New satellite images show Russian military buildup around Ukraine

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More evidence has emerged from a steady buildup of Russian military equipment and deployments in Ukraine, with new satellite imagery revealing a further expansion of the military presence in various locations in Belarus, Crimea and western Russia.

Russian forces entered Belarus in the last two weeks. The Russian and Belarusian defense ministries say the displaced troops are ahead of a major training exercise this month.

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The images were collected and analyzed by Maxar. In a follow-up note, Maxar said the deployments “reflect an increased level of activity and readiness.”

Maxar and other satellite imagery providers said they had noticed the expansion of Russian military training camps and existing garrisons some 240 kilometers from the Ukrainian border in recent months.

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Some are just a few kilometers from the border. Maxar said the latest images show a new phase of Russian activity.

He said that previously, “in most cases, few troops or new housing for additional personnel have been observed near deployments, suggesting that some of the units may have been pre-positioned or forward-deployed.”

That started to change. “During the last two weeks, several significant new military deployments have been observed in Belarus,” Maxar said.

“In addition, troop tents/shelters were seen at virtually all deployment sites in Belarus, Crimea and western Russia, which suggests that the units are now accompanied by troops and have increased their overall level of readiness.”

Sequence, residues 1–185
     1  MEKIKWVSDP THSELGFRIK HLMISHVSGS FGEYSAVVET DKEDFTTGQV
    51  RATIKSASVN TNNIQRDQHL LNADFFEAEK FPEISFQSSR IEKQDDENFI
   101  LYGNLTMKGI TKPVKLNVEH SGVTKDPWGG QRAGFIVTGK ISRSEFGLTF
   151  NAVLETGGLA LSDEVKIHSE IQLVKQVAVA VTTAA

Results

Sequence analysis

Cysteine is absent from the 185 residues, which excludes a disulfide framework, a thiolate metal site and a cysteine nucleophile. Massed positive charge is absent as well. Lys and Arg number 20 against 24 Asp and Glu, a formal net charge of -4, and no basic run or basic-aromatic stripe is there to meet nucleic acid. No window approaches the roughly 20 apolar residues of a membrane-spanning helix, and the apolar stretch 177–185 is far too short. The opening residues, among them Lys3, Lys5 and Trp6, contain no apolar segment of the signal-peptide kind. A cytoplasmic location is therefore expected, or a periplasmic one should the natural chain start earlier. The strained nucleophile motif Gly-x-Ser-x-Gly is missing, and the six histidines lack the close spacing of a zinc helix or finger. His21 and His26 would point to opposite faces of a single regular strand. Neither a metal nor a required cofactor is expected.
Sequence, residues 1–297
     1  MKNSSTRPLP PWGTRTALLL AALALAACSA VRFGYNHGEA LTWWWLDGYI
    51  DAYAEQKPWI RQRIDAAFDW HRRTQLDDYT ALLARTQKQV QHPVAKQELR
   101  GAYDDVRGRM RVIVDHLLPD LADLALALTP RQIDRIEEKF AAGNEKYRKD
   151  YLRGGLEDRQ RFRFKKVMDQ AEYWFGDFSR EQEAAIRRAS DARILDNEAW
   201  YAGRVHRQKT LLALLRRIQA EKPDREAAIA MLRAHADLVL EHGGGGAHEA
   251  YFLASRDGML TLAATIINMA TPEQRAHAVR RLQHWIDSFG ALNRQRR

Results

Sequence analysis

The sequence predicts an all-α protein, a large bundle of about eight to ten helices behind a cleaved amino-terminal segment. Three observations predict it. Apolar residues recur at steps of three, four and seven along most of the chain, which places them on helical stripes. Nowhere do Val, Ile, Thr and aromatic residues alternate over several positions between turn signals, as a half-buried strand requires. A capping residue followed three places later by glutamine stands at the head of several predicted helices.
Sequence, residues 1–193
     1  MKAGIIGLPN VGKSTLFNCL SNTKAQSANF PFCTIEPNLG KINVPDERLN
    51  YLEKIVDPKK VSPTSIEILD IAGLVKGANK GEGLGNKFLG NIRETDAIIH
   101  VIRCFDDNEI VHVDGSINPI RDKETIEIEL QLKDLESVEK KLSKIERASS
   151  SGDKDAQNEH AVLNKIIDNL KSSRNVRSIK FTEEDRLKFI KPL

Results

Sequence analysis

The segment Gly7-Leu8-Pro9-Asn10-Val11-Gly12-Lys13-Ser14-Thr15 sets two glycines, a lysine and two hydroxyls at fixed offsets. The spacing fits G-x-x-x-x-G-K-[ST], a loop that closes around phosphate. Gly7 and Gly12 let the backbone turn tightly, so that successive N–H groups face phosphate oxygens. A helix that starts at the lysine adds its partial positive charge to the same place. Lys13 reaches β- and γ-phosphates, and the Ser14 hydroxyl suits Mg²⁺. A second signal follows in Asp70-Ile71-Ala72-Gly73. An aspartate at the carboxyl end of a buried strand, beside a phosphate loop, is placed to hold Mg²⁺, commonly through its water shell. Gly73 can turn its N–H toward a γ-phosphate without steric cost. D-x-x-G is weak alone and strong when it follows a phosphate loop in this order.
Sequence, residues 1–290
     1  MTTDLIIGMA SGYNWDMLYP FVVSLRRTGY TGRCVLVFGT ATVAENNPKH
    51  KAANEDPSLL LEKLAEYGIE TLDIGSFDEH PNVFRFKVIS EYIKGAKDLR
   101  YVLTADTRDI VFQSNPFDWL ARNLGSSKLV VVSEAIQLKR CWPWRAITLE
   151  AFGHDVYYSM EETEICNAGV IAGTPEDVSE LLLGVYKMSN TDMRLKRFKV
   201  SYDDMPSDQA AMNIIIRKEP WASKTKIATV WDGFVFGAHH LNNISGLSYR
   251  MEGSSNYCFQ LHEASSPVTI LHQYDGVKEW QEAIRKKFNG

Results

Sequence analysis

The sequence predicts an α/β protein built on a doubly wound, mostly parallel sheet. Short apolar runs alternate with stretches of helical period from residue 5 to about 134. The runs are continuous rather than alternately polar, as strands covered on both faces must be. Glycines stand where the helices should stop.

Maxar compared images from September and late January from the same military camp in Novoozerne, Crimea. The images show a significant increase in activity, with an area of ​​tents being erected.

This implies that the camp is ready to house troops, although there is no evidence of troops arriving so far.

Maxar also notes that “local military training activity (including live fire artillery and maneuver training) has been observed in progress in various training areas.”

The images show impact craters in two training areas in Russia: Pogonovo and Persianovsky. Being that Persianovsky is about 50 kilometers from the Ukrainian border, and Pogonovo is about 220 kilometers from the border.

Konrad Muzyka, a defense analyst with a focus on Russia and Belarus at Rochan Consulting, an aerospace and defense consultancy, said he believed there were now between 74 and 76 Russian battalion tactical groups (BTGs) spread across Ukraine.

Battalion tactical groups typically consist of around 1,000 soldiers, along with support units.

Muzyka says that since the first week of January, Russia has been transferring its forces from the Eastern Military District – thousands of kilometers away in Siberia – to Western Russia and Belarus.

“The size of this deployment is significant, perhaps even 15-20 BTGs,” Muzyka wrote in a note.

He also said Russian ground forces have sent units including Iskander short-range ballistic missiles to Belarus and parts of Russia near Ukraine. He calculates that there are at least 48 launchers near Ukraine.

While Russian capabilities and moves can often be observed, the Kremlin’s intentions are much harder to read. US President Joe Biden said last week that an invasion of Ukraine in February is “a distinct possibility”.

UK Foreign Secretary Liz Truss said that “it is highly likely that [o presidente Putin] invade Ukraine”.

“There is a real threat of invasion, but we don’t know what will happen,” she told the BBC on 30 January.

The Kremlin has consistently denied that it has plans to invade Ukraine.

Source: CNN Brasil

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